Statistical Concept and Methodology: Inequality in the distribution of income is reflected in the share of income or consumption accruing to a portion of the population ranked by income or consumption levels. The portions ranked lowest by personal income receive the smallest shares of total income. Data on the distribution of income or consumption come from nationally representative household surveys. Where the original data from the household survey were available, they have been used to directly calculate the income or consumption shares by quintile. Otherwise, shares have been estimated from the best available grouped data. The distribution data have been adjusted for household size, providing a more consistent measure of per capita income or consumption. No adjustment has been made for spatial differences in cost of living within countries, because the data needed for such calculations are generally unavailable. For further details on the estimation method for low- and middle-income economies, see Ravallion and Chen (1996). Survey year is the year in which the underlying household survey data were collected or, when the data collection period bridged two calendar years, the year in which most of the data were collected. Percentage shares by quintile may not sum to 100 because of rounding.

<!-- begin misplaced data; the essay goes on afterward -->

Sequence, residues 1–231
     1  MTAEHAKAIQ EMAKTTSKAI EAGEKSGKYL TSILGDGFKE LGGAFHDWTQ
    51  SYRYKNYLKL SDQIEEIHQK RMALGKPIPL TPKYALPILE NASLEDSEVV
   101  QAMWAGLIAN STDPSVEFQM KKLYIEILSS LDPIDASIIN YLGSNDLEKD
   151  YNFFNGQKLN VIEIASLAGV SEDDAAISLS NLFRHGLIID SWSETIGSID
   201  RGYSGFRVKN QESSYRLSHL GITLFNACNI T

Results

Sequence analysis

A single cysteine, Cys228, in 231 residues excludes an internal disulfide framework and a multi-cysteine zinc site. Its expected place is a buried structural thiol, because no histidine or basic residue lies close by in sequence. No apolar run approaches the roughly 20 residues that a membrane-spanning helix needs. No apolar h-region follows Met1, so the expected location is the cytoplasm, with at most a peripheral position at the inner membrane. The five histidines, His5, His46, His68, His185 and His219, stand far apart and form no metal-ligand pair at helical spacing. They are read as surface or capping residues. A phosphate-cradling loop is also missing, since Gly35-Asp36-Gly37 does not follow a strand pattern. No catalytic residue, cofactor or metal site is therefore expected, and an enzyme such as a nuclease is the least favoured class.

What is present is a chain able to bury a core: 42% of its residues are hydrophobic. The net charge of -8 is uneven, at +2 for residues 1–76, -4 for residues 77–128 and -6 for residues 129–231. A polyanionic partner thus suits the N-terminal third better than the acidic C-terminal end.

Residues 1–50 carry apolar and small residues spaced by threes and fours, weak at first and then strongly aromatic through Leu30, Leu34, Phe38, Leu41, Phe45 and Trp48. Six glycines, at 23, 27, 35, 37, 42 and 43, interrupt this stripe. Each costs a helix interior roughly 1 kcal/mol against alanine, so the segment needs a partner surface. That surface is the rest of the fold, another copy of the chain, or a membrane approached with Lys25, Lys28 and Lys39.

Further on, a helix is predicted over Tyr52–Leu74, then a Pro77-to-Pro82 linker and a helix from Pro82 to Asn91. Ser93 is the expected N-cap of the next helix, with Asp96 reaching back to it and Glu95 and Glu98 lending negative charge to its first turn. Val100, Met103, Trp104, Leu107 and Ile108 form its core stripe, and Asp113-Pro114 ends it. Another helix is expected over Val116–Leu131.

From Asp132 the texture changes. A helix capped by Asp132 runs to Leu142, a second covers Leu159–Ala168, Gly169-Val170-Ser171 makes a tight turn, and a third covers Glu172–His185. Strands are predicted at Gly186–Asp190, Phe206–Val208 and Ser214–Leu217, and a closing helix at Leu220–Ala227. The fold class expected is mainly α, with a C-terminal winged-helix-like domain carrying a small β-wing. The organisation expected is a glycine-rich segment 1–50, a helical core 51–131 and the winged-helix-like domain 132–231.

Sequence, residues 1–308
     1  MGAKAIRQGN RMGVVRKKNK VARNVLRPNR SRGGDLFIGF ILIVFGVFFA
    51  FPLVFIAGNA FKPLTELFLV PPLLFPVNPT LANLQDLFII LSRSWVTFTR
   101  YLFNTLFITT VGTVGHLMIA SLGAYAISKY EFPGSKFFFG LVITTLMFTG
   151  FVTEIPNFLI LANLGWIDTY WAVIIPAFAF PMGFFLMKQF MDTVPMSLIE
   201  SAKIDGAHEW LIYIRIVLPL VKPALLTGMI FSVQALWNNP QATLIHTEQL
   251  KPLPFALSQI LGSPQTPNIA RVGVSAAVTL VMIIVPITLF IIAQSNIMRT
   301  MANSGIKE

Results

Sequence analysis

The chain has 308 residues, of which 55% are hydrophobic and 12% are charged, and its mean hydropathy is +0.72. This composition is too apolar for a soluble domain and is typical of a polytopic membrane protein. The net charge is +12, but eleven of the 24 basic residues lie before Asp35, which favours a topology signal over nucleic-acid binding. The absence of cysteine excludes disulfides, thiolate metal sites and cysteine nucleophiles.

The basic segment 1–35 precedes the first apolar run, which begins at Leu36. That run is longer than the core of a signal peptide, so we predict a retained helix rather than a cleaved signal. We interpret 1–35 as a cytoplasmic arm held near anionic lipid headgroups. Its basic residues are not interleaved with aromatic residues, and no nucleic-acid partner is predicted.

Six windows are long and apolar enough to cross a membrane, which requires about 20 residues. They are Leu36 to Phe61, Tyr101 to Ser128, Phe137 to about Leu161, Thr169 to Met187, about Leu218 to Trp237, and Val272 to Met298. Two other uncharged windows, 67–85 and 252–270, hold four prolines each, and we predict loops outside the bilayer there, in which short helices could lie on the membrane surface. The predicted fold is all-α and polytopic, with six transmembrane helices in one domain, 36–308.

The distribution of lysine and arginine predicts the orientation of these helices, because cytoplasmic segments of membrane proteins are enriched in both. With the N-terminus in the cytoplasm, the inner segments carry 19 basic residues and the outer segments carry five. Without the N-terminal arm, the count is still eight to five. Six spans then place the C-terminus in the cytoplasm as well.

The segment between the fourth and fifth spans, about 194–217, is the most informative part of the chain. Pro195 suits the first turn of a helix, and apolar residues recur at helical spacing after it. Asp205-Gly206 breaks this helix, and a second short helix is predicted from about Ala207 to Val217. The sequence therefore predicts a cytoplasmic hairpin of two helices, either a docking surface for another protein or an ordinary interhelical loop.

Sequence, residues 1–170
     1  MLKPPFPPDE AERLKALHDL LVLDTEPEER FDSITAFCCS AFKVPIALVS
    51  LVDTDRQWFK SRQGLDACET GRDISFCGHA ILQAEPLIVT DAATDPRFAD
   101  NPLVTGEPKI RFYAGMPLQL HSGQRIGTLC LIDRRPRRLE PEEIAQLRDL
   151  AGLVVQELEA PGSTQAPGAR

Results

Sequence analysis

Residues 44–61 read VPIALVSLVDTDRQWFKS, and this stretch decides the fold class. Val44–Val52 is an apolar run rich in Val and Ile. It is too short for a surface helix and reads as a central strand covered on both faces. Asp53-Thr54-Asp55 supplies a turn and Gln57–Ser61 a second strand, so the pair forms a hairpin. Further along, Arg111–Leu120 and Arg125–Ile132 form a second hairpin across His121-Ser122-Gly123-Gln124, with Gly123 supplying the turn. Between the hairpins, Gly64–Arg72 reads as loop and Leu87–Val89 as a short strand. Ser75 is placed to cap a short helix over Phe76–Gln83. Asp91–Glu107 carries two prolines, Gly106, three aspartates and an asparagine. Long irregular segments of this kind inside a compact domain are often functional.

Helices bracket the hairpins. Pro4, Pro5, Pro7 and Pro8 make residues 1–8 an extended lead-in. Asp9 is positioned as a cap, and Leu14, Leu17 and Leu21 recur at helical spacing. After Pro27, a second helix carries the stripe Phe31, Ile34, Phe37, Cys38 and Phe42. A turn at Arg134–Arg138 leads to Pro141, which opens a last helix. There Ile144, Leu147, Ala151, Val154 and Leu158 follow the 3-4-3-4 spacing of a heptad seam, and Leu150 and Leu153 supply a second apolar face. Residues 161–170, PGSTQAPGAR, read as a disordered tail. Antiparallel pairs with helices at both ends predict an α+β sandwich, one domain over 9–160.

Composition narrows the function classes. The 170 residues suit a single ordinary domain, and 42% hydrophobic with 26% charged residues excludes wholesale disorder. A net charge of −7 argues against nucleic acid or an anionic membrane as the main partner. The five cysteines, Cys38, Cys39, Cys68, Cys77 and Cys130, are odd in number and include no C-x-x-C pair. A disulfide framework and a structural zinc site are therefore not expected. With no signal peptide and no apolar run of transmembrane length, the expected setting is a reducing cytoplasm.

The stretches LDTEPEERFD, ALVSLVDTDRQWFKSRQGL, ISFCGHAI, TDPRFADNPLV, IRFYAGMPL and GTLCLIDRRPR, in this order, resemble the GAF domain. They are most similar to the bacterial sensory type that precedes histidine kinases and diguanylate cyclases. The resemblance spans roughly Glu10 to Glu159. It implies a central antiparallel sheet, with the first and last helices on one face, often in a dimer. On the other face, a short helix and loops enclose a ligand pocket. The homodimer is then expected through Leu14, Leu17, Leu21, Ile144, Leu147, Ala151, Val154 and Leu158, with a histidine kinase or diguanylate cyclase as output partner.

Unit of Measure: %

Periodicity: Annual

General Comments: The World Bank’s internationally comparable poverty monitoring database now draws on income or detailed consumption data from more than one thousand six hundred household surveys across 164 countries in six regions and 25 other high income countries (indu